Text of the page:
On the brink of losing a 4th straight game, Kvitova stepped up to save a break point of her own, and reclaimed the momentum to win the next 3 games.

She continued to hold on, even as Kudermetova threatened to level the decider with 2 more break chances, and held off one last stand to reverse a 0-30 deficit in the final game to secure her spot in the last eight.

In a match that came down to razor-thin margins, Kvitova largely cancelled out 34 unforced errors with 29 winners and and created more openings on return, converting 2 of 7 break chances to Kudermetova’s 1 of 4.

Up next, she faces Barty, whom she leads 5-4 in their head-to-head after winning their most recent meeting at the 2020 Qatar Total Open.

“We played on clay, but it was many, many years ago so I’m not counting then,” Kvitova said. “She has a game for clay.

“She’s sliding. She’s playing lots of slice and everything… She likes clay a little bit more than me probably. I like Madrid. So who knows, right?

“Always playing Ash, it’s great challenge. It will be great matchup. I really will enjoy it. I’m really looking forward for it.”

As for Barty, she is looking ahead too: “I love to play Petra. I do. She brings out the best in me.

“I just said to Tyz that we’re going to be counting in Roman numerals the amount of times we’ve played.

“It’s another challenge, another test. She’s won this tournament multiple times, loves the conditions here. A fresh challenge for me.”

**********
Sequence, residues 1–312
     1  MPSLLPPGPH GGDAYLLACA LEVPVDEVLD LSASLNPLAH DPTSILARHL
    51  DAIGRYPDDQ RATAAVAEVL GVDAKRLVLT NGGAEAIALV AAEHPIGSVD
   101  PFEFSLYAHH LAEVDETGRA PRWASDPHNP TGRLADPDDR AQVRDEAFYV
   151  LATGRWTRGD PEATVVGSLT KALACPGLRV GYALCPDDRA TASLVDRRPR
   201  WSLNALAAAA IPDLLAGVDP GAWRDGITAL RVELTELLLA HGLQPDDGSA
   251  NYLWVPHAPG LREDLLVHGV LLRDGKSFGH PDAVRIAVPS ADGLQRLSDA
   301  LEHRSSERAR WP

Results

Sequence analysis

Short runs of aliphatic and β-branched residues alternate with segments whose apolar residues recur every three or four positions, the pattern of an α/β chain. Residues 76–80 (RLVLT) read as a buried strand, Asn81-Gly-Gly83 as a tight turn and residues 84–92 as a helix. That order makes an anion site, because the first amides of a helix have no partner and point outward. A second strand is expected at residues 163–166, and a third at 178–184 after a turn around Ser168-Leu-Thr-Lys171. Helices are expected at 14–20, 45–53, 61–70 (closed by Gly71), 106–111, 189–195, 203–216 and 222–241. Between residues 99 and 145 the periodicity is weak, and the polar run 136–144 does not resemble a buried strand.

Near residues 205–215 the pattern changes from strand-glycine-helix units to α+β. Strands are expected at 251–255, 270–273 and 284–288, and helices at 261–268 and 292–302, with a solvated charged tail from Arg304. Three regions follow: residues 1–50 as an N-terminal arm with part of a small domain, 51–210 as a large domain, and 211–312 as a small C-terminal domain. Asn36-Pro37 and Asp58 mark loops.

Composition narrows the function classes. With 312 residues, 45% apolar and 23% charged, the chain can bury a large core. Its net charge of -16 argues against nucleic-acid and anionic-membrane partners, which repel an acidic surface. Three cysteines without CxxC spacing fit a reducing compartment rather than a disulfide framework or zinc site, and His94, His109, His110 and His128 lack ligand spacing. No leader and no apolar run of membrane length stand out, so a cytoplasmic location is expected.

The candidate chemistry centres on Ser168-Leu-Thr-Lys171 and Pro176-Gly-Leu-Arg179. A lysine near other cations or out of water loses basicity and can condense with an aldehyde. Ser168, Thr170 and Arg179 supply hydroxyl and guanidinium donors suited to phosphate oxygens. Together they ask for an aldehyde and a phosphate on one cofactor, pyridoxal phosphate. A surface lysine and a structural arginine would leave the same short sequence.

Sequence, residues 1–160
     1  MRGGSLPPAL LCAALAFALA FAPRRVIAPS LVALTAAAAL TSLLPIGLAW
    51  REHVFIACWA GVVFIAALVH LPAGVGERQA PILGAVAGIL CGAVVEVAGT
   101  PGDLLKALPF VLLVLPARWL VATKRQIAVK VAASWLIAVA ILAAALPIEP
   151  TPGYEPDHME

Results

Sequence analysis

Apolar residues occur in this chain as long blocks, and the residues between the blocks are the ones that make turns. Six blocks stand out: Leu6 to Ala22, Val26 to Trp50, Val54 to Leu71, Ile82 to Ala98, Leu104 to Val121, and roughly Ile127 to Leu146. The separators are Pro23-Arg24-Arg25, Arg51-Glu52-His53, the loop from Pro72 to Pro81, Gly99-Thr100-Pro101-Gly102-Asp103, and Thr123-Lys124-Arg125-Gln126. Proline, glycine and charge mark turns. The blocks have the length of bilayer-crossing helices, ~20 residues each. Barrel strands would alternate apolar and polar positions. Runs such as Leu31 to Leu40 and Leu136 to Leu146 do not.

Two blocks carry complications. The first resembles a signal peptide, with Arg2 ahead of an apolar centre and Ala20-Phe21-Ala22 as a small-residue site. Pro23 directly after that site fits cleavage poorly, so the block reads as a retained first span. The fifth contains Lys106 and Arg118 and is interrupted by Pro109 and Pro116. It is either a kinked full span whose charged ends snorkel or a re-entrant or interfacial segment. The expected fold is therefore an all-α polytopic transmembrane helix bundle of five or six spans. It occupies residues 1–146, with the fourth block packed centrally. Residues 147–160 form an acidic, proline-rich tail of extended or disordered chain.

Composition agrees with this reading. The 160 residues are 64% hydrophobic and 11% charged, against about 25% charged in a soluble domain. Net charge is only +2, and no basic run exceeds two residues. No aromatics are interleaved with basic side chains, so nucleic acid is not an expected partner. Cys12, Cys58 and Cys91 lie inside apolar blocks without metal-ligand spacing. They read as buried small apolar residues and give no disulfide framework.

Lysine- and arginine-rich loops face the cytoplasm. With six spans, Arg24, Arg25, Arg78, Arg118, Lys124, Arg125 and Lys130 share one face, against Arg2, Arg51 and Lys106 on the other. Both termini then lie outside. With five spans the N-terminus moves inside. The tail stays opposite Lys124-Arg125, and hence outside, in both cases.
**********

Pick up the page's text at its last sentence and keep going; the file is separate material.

Belinda Bencic was leading a tight contest with Ons Jabeur when the Tunisian injured her right thigh and was forced to retire

© Clive Brunskill/Getty Images

Elsewhere, Switzerland’s Belinda Bencic moved into the last eight after a right thigh injury forced Ons Jabeur from Tunisia to retire, trailing 7-6(2) 4-3.

Bencic will now face meet Spanish hope Paulo Badosa, after the wild card topped Latvian qualifier Anastasija Sevastova, 6-7 7-6(3) 6-0, in a match that lasted over two-and-a-half hours.

Saving 2 break points in the first game of the decider, the 23-year-old Spaniard cruised through to the finish amidst emotional scenes.

“I got so emotional after the match because of that, of playing home and showing the people the level and that I can win matches,” she said. “I’m the last Spanish player here, so it makes me a little bit more proud.

“I know the crowd are pushing me a lot.

“The first two sets were very close,” Badosa added. “It could go through one side or another one.

“But then the third set I knew I had to play very aggressive because I was quite tired. I was feeling a little bit with my legs super tight. I was having a little bit of problems with that.

“But I was going from, like, less to more in the match. I was feeling I was playing better in the third set.

“I started to be very, very aggressive, concentrated on the first two, three shots. I think that was a little bit the key of the third set.”

Paula Badosa outran Anastasija Sevastova on Monday and is the last Spaniard standing amid emotional scenes at La Caja Magica

© Oscar Del Pozo/AFP via Getty Images